SEOUL, South Korea (AP) -- Dozens of military boats and helicopters scrambled Wednesday to rescue more than 470 people, including 325 high school students on a school trip, after a ferry sank off South Korea's southern coast, officials said. At least one person died and 14 were said to have been injured.
The ferry with 476 people was sailing to the southern island of Jeju when it sent a distress call Wednesday morning after it began leaning to one side, according to Ministry of Security and Public Administration. The government said about 95 percent of the ship was submerged.
Two coast guard officers said that a 27-year-old woman named Park Ji-yeong died. One of the officers, who spoke on condition of anonymity citing department rules, said 168 passengers had been rescued so far, but gave no further details, including what caused the ship to sink or the conditions of the other passengers.
A student, Lim Hyung-min, told broadcaster YTN from a gym on a nearby island that he jumped into the ocean wearing a life jacket with other students and then swam to a nearby rescue boat.
"As the ship was shaking and tilting, we all tripped and bumped into each another," Lim said, adding that some people were bleeding. Once he jumped, the ocean "was so cold. ... I was hurrying, thinking that I wanted to live."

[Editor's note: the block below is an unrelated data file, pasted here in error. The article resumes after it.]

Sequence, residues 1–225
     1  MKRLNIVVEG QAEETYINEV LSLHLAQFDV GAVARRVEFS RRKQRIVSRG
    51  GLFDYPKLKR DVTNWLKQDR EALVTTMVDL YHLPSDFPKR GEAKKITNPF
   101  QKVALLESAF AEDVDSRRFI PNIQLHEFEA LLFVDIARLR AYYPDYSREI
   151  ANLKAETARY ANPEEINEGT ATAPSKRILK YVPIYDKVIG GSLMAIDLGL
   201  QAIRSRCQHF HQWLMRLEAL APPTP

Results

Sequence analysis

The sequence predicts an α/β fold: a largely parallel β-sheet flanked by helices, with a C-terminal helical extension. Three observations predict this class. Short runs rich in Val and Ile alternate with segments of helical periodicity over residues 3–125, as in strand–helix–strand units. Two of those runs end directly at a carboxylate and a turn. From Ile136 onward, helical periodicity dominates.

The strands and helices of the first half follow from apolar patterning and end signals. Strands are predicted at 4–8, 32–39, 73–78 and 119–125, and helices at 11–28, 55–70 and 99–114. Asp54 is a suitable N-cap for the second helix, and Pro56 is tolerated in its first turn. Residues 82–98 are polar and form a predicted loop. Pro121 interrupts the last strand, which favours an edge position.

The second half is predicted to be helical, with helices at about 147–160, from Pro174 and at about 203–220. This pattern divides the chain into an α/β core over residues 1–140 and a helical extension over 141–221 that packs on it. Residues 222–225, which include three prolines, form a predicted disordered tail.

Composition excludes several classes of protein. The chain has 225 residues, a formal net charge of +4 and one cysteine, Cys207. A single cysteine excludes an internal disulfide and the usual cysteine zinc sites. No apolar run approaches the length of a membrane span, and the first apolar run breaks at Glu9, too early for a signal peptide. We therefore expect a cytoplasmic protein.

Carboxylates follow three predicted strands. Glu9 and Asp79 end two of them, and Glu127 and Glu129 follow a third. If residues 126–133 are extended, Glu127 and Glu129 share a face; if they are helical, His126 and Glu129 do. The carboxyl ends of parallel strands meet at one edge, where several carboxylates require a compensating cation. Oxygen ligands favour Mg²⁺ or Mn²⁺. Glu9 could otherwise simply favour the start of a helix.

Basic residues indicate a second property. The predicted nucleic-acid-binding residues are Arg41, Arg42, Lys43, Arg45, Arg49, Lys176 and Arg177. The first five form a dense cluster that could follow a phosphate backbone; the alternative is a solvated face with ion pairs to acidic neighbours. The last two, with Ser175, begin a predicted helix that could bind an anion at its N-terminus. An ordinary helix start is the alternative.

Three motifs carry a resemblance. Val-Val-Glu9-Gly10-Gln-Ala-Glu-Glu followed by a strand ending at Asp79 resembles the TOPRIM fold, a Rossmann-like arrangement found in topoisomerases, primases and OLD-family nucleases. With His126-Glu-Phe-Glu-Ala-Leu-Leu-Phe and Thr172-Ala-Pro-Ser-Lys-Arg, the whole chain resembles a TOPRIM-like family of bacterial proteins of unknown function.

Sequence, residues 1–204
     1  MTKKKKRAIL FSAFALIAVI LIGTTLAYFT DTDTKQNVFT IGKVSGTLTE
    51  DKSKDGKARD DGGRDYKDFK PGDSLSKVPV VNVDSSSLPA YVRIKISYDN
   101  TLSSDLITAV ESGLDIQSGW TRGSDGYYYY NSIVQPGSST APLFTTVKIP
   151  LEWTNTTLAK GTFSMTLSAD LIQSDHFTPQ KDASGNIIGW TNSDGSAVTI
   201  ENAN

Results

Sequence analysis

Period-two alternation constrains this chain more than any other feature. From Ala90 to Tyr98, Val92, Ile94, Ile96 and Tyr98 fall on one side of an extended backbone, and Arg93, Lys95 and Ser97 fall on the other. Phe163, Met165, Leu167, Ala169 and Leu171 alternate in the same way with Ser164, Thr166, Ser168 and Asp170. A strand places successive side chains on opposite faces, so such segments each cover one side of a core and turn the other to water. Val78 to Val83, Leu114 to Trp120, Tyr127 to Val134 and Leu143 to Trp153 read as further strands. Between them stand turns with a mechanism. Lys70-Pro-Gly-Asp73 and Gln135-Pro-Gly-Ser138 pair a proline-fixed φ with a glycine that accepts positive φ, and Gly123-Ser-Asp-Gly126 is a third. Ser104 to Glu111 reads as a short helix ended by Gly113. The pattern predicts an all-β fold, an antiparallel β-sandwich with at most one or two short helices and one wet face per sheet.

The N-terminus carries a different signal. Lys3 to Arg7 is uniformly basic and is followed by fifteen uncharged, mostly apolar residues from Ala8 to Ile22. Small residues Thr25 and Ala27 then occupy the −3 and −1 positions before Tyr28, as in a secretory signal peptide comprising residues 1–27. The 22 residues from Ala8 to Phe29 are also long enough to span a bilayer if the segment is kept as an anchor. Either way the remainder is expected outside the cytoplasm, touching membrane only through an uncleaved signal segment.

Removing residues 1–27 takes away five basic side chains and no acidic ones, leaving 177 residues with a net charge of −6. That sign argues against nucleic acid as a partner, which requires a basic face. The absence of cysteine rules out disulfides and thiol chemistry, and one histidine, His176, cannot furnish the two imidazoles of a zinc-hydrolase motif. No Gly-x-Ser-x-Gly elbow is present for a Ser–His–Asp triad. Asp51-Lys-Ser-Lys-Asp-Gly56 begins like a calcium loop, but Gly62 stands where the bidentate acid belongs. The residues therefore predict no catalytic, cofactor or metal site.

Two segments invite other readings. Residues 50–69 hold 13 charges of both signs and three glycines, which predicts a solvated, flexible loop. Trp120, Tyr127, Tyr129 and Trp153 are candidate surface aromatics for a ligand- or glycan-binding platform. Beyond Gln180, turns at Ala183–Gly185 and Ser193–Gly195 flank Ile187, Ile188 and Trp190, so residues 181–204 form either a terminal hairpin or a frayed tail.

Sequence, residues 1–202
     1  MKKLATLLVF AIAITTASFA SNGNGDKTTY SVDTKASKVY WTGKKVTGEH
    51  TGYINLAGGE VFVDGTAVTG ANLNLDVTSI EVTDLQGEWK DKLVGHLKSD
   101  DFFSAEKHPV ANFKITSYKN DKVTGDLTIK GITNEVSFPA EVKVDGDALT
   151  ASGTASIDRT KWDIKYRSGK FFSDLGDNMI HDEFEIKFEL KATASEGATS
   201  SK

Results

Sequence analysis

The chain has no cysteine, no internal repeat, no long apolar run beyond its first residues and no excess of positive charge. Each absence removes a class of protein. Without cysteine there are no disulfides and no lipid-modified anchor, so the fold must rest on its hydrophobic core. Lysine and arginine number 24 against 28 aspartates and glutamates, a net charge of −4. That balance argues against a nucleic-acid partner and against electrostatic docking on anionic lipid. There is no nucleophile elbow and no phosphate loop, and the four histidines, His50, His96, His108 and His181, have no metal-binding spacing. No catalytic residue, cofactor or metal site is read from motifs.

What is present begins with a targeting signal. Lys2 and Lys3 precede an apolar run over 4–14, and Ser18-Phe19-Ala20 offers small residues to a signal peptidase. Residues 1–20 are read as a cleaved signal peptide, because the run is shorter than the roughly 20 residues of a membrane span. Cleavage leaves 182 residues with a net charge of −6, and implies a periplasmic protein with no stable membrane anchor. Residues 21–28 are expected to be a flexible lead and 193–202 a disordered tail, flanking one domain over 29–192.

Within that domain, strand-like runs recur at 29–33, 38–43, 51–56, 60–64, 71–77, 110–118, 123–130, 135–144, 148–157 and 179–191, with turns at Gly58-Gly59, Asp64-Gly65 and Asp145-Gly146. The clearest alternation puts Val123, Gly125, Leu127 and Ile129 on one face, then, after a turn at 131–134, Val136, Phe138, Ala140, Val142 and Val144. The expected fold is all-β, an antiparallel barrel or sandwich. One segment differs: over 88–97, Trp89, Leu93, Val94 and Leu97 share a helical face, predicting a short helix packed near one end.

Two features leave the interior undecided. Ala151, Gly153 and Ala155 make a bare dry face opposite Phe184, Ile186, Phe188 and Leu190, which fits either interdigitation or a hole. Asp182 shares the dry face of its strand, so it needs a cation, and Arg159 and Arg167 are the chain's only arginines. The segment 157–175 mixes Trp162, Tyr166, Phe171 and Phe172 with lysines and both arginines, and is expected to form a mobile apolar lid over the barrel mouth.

Local media ran photos showing the partially submerged ship tilting dramatically as helicopters flew overhead and rescue vessels and a small boat covered with an orange tarp over it floated nearby.
The students are from a high school in Ansan city near Seoul and were on their way to Jeju island for a four-day trip, according to a relief team set up by Gyeonggi Province, which governs the city. The ship left Incheon port, just west of Seoul, on Tuesday evening, according to the state-run Busan Regional Maritime Affairs & Port Administration.
At the high school, students were sent home and parents gathered for news about the ferry.
Park Ji-hee, a first-year student, said she saw about a dozen parents crying at the school entrance and many cars and taxies gathered at the gate as she left in the morning.
She said some students in her classroom began to cry as they saw the news on their handsets. Teachers tried to soothe them, saying that the students on the ship would be fine.
A total of 16 helicopters, 34 rescue vessels and Navy divers were sent to the area, Lee Gyeong-og, a vice minister for South Korea's Public Administration and Security Ministry, told a televised news conference. He said President Park Geun-hye ordered a thorough rescue operation to prevent deaths. He said 14 had been injured so far, including one described as serious, and taken to hospitals.
Lee said that Navy special forces and an underwater demolition team would help rescue passengers who'd jumped into the water as the ship sank.